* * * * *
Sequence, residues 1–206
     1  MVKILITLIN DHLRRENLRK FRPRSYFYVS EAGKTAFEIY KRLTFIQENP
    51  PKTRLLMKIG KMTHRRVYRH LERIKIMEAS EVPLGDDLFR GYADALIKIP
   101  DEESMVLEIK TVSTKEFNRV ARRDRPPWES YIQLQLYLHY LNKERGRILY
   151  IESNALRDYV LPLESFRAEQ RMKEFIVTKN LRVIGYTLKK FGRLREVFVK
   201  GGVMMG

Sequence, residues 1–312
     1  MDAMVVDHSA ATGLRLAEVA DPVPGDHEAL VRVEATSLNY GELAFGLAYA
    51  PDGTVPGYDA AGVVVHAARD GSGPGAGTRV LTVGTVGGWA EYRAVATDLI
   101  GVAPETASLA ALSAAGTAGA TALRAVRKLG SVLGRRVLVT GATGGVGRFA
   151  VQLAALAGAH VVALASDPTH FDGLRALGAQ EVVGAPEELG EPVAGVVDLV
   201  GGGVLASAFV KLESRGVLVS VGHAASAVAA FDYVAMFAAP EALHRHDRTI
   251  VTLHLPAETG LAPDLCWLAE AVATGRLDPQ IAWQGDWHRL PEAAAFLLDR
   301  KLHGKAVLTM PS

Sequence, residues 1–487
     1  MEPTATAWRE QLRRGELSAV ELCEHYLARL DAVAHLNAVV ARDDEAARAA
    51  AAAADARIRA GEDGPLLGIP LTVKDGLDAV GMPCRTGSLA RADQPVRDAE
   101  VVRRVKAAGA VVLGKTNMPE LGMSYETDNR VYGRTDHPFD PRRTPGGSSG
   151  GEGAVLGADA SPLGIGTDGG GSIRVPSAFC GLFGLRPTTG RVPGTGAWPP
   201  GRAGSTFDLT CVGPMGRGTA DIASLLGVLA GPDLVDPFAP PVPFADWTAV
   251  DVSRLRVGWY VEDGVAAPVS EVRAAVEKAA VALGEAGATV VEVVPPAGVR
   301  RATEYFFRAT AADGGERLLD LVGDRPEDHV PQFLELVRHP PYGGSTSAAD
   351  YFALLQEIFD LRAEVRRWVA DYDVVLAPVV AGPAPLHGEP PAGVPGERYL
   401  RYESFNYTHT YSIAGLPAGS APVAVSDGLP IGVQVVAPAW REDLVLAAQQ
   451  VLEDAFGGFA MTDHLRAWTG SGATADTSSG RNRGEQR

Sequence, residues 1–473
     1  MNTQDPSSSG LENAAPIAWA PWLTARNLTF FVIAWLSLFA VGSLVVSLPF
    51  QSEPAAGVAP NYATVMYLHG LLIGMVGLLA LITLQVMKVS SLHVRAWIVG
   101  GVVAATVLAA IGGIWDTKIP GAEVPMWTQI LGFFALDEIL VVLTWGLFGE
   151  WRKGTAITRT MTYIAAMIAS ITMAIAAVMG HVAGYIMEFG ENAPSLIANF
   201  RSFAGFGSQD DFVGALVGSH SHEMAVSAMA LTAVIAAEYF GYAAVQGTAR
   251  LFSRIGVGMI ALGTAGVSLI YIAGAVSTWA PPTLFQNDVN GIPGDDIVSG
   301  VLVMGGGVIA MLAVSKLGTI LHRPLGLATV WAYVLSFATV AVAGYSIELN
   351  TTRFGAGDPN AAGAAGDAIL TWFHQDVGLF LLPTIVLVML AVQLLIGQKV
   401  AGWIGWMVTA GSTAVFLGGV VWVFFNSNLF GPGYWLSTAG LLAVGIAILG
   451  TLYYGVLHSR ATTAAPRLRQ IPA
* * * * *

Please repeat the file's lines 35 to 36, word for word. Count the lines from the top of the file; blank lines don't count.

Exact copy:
   401  AGWIGWMVTA GSTAVFLGGV VWVFFNSNLF GPGYWLSTAG LLAVGIAILG
   451  TLYYGVLHSR ATTAAPRLRQ IPA